Molly E. Reynolds (PhD '15) and Richard L. Hall co-authored an August 8 paper in Political Research Quarterly: "Issue Advertising and Legislative Voting on the Affordable Care Act."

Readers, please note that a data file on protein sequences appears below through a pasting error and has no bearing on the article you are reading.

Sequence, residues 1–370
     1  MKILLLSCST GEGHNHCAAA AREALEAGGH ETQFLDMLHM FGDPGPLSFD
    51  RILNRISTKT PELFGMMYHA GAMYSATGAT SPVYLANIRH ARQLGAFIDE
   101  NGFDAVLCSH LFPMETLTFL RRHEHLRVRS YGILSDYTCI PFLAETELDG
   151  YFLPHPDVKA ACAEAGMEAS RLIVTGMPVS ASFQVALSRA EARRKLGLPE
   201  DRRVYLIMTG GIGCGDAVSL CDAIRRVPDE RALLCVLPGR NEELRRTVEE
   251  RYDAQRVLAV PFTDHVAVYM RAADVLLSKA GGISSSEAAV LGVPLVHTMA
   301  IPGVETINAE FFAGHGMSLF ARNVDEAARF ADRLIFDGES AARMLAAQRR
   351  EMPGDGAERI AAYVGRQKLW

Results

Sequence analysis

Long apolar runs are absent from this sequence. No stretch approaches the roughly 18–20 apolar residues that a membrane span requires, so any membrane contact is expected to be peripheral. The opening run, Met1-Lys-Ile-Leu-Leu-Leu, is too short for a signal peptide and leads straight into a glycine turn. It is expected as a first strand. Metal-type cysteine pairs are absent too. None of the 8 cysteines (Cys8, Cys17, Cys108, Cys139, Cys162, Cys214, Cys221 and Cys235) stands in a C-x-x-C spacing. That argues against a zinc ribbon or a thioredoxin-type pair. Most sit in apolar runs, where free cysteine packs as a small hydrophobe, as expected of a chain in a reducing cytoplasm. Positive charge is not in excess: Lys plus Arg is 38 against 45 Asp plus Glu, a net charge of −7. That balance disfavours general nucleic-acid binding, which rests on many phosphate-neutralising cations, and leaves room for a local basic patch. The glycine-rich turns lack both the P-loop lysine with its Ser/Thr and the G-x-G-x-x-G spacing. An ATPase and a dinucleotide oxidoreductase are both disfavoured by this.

During the congressional fight over the Affordable Care Act (ACA), interest groups spent record sums on television issue advertising in targeted efforts to influence members of Congress, but did the money make any difference? We use the literatures on outside lobbying and legislative behavior to develop two hypotheses about issue advertising’s effects on members’ voting decisions. We test the hypotheses using population-weighted, station-level advertising data mapped into congressional districts. We find negligible evidence that issue advertising had a causal effect on either House committee or floor votes on the ACA, even applying forgiving statistical standards. Neither do we find evidence when we ignore the endogeneity bias that should inflate advertising’s effects, employ alternative measures and specifications, or limit the analysis to legislators for whom the probability of vote change was highest. The results justify skepticism that the millions of advertising dollars spent on the ACA had a net effect on members’ voting decisions. In conclusion, we consider several reasons why our hypotheses are not borne out and suggest several avenues for future research.